I originally live-blogged this post from TEDxDelft
The first Dutch-born astronaut ever, Lodewijk van den Berg, gave an inspiring talk about research in space, and how he went from being a crystal growth scientist to becoming an astronaut.
The dilemma was: “Should we train a scientist specialized in crystal growth to become an astronaut, or should we make an astronaut study crystal growth?”
From thinking he would never have a chance to be selected because of his age and bad eyesight, Lodewijk van den Berg ended up becoming the prime crew member for the experiments on crystal growth in zero gravity. During his talk, he made the critical remark that for space travel and research, emotions override the rational considerations. The wish to participate in such research become stronger than the rational notion of the risks involved.
Being able to carry out research in zero gravity requires us to understand the effect of gravity on our lives and society. With some movies shot in space (showing a crew member in continuous rotation around his axis, and a bubble of grape juice, and the remark you need perfect table manners in space), Lodewijk van den Berg moved to the motion of fully living three-dimensional in space.
Satellites can be considered as the most basic device for the exploration of space, or wifi over very large distances. These devices allow us to make observations, but they are limited: they cannot carry out experiments. Humans in space, on the other, can both carry out experiments and serve as experimental animals, influencing the practice of medicine on Earth.
The necessary requirements for space research
Three elements are required for research in space:
1. A scientific base:
Obviously, you need to design experiments, understand the scientific issues involved and carefully prepare for an experiment.
One of the challenges is to make different groups, of different disciplines and different backgrounds and nationalities work together. A free flow of information is required.
An adequate budget, sometimes providing research funding for several decades, is necessary to go from an “idea” to a “finished experiment”.
Current problems and solutions
Nowadays, three regional groups dominate space research and exploration: US, Russia and the EU. Together, and with the help of Japan, Australia and Canada, they have contributed to the ISS, thus fulfilling the second criterion on coordination.
However, three problems are putting borders to the progress of space research:
1. Space shuttle:
The termination of the space shuttle program by the US cuts away one of the ways of transportation between Earth and the ISS.
2. Malfunction of the Russian spacecrafts:
Recently, mechanical problems with the Russian spacecrafts, has taken away the redundancy to get people up and down to the space station.
3. Decentralization of the European space program:
Instead of bringing the European researchers and scientists working on the space program together (and thus fulfilling the second criterion), the institutions are more and more being distributed over the different regions, and thus taking away the daily interaction between the major players in this field.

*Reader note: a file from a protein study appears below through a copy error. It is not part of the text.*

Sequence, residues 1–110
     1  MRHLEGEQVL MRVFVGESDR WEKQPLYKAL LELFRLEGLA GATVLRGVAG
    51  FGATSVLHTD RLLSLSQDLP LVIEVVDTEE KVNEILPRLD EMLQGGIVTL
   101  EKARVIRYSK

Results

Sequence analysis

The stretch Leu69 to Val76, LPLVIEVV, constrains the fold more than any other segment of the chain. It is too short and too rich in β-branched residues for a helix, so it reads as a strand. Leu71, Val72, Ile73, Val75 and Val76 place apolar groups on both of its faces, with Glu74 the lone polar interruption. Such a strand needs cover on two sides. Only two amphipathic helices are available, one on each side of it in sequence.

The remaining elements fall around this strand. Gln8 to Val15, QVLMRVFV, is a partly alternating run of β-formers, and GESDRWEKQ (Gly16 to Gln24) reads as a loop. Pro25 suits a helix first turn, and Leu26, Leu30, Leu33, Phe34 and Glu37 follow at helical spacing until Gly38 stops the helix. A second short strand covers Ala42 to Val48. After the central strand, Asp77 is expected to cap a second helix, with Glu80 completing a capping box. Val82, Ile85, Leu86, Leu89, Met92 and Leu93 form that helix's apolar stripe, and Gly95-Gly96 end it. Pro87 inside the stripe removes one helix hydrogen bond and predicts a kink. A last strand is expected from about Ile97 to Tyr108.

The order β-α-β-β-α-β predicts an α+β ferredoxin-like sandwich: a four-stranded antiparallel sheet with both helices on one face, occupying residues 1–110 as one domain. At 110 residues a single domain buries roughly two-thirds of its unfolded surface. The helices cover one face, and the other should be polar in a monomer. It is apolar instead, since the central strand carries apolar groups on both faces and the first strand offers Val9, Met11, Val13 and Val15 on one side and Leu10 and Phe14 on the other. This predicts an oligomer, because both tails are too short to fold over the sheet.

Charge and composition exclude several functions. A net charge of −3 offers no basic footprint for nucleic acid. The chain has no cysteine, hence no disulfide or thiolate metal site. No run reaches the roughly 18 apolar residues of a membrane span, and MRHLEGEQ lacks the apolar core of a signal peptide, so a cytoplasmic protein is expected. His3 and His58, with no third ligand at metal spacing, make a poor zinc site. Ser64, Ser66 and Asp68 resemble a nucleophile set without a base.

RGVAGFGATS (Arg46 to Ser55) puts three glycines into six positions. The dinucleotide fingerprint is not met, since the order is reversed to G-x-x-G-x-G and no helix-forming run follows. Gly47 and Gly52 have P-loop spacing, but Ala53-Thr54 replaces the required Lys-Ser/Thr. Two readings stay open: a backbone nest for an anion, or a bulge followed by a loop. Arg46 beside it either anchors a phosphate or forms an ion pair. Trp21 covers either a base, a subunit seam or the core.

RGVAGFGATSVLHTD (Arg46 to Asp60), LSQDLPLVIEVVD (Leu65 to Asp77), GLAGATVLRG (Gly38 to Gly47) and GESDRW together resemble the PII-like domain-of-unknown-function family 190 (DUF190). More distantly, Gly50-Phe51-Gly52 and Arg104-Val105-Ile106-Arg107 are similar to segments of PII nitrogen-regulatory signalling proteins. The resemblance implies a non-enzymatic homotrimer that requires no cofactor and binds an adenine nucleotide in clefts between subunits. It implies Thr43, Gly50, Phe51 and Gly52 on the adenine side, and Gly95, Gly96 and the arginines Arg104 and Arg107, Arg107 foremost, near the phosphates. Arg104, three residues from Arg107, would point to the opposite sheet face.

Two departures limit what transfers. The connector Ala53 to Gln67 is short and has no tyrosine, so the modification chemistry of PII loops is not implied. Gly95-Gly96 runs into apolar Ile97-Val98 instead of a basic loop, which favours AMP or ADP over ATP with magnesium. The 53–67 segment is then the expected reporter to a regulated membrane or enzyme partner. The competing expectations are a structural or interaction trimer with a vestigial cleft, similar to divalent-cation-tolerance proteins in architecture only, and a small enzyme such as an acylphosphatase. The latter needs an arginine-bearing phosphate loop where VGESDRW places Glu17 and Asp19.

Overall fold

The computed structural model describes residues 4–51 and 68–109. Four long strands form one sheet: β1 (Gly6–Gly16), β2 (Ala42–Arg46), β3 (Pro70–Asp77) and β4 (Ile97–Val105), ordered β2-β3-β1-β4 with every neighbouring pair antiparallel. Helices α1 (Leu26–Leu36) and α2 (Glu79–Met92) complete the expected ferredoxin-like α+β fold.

4. The crisis, always the crisis:
No money, no budget. Research, science and education are among the first victims of the crisis.
However, Lodewijk van den Berg had a positive message and solutions to these problems as well, and gave us an outlook on the future of the space program:
1. Commercial space travel
Soon, when commercial space travel will be available, a new stream of revenue will be created and this will create an additional source of funding for space research.
2. A real global view
We should think as a planet, not as rivaling nations anymore. The major players should open up and work together with China. A real global program, in which all research findings are shared is necessary. He suggest the creation of a UN space office, that really operates on a global scale. (This did remind me of when I watched the debate for the Republican nomination two weeks ago, in which all candidates were defending the idea of the US cutting back on its support to the UN). The only way to move forward is to create a planet-wide space program.
A personal note
As you might have noticed from my emphasis on this talk, I love everything related to space exploration. In fact, at the age of 18 , I was doubting between studying engineering in Belgium, or coming to Delft to study aerospace engineering.
Here’s a few places where I’ve been, and which I highly recommend to everyone interested in rockets and space exploration:
As a 10-year-old kid, I had a blast at the camp – and I would encourage all parents to send curious kids to this camp.
My first trip to the US (I was 16 then) took me to Huntsville, AL, where I spent a week with students from all over the world, learning about space research, space missions and the work of astronauts. I went back to the US Space and Rocket Center when I was living in Atlanta, GA and I felt the same excitement I had felt 8 years before. I think every scientist, every engineer and every dreamer can’t dislike a wonderful place like that.
Bad planning and a lack of time resulted in me only seeing the outside of this holy place for space exploration, but passing by was still an inspiring moment.
The closest to Delft, is the Space Expo in Noordwijk. If you haven’t been there, and liked today’s talk, you might like to go and visit. I remember enjoying it very much.
This museum is the most recent addition to my space-related trips and visits. I spent more than 4 hours there, reading and taking in sights of the rockets. If you’re in DC, it’s worth t stop by and learn.